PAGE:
(33) Then His disciples said to Him, 'Where could we get enough bread in the wilderness to fill such a great multitude?'
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The skepticism of the disciples is quite shameful. A short time earlier, they had witnessed Christ miraculously feed the 5,000. They had seen His power multiply a few loaves and fish to fill the hungry crowd. Yet, confronted with an identical problem, they throw up their hands and say that it cannot be done.
Is that not what all of us do when faced with a new but similar trial? Each new difficulty appears as one from which there is no rescue. Why do we become so perplexed and discouraged? We know God heals and intervenes on behalf of believers. Like the Israelites in the wilderness, we seem to forget previous deliverances. What short memories we have! The person with true faith develops confidence from God's former interventions of faithfulness and love.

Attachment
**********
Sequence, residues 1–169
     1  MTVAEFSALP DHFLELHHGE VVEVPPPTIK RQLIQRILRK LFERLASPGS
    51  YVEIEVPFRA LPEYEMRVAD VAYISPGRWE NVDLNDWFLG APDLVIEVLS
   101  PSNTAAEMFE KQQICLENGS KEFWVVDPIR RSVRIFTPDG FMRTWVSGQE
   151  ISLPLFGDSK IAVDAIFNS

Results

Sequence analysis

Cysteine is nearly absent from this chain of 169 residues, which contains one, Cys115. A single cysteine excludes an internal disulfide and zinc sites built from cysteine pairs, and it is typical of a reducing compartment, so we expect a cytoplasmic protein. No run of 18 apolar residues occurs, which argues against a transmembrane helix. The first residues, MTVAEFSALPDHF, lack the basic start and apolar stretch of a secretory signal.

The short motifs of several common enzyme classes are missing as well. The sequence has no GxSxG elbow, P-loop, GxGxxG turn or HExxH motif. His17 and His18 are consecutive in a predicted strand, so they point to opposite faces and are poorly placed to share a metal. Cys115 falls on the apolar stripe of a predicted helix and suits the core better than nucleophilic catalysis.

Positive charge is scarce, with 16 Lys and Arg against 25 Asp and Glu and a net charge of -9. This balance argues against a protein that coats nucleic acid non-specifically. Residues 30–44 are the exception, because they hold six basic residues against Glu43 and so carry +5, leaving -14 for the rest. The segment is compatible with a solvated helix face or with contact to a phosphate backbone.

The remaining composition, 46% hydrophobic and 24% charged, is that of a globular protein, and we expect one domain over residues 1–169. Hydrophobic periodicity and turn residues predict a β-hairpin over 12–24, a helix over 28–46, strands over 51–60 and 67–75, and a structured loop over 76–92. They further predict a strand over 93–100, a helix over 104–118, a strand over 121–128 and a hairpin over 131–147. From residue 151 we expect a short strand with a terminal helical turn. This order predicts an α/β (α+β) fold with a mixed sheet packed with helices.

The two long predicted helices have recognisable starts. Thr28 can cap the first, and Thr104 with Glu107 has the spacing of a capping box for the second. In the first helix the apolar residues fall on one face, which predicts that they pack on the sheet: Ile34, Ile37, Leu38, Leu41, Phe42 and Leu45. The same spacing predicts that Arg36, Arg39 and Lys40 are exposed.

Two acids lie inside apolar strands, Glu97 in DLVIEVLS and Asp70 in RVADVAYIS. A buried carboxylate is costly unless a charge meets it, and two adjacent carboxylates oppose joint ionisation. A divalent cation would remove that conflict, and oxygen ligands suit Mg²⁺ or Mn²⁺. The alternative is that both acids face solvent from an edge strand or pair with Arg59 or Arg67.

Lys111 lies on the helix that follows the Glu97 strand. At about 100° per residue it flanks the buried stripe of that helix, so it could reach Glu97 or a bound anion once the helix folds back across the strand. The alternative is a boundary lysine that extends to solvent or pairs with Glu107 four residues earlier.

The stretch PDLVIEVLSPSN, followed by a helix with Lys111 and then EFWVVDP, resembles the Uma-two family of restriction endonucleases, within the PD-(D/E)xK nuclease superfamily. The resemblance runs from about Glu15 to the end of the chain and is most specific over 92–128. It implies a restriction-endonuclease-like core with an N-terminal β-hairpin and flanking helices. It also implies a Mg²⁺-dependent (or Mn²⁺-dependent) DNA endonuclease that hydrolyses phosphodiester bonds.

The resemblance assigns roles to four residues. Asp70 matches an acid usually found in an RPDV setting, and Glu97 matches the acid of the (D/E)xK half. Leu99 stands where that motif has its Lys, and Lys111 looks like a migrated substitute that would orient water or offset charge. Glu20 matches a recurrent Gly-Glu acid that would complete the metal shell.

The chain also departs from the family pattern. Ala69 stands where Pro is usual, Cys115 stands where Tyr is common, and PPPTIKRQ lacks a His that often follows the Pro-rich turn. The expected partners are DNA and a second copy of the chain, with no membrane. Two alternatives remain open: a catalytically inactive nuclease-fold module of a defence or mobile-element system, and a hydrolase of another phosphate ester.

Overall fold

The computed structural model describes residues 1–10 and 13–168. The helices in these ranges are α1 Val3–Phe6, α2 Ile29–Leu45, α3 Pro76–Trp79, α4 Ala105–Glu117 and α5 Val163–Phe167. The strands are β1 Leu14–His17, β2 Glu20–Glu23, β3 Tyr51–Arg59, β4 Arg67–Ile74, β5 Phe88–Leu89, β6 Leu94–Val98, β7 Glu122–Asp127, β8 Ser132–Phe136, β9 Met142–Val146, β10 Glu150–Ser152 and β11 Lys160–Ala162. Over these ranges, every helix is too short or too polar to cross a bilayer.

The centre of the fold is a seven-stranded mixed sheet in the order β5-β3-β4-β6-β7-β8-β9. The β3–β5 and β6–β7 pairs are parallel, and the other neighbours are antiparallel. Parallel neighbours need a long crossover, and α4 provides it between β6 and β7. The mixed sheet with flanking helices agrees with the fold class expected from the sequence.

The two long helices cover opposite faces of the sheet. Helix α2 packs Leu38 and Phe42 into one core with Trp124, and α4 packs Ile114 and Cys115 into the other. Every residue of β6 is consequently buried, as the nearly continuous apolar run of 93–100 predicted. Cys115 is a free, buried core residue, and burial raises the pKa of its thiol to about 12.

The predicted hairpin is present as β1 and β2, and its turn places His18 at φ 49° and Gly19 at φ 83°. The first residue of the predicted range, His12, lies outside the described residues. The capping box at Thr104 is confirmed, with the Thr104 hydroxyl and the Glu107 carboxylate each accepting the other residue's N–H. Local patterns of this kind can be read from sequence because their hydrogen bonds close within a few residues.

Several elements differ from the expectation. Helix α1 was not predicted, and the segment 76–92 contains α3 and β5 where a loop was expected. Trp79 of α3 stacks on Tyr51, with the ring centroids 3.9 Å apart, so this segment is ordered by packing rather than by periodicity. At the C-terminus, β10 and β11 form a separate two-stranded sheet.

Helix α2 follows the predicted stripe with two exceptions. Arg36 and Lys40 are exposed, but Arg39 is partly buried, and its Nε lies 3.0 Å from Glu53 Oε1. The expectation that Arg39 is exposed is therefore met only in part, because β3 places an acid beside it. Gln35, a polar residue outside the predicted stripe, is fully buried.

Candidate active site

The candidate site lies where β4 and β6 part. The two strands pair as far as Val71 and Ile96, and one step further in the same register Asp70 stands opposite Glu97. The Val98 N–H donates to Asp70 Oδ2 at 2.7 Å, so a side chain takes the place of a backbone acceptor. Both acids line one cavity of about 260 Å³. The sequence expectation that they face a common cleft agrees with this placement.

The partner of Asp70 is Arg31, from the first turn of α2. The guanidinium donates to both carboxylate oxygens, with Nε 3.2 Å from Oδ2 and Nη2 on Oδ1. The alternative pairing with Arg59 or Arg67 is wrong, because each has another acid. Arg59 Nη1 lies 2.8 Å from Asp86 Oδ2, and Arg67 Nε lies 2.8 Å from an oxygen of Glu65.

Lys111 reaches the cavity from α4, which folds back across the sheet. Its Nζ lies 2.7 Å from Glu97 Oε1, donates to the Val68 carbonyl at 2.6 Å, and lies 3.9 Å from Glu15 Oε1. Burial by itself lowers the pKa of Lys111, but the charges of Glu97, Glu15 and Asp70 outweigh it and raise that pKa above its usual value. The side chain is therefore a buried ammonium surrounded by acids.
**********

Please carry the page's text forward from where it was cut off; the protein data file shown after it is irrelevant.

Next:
There is no excuse for such skepticism. All of us have expressed similar skepticism in our failures in trusting God. The biblical words for doubt suggest being "suspended," "driven by gusts," or "fluctuating in mid-air." Doubt does not necessarily indicate a lack of faith, but rather a state of qualified faith—weakness but not its total absence. Hebrews 11:6 asserts, "Without faith it is impossible to please Him, for he who comes to God must believe that He is, and that He is a rewarder of those who diligently seek Him." Like us, Christ's disciples obviously pleased God often, yet they sometimes displayed weak faith.
— Martin G. Collins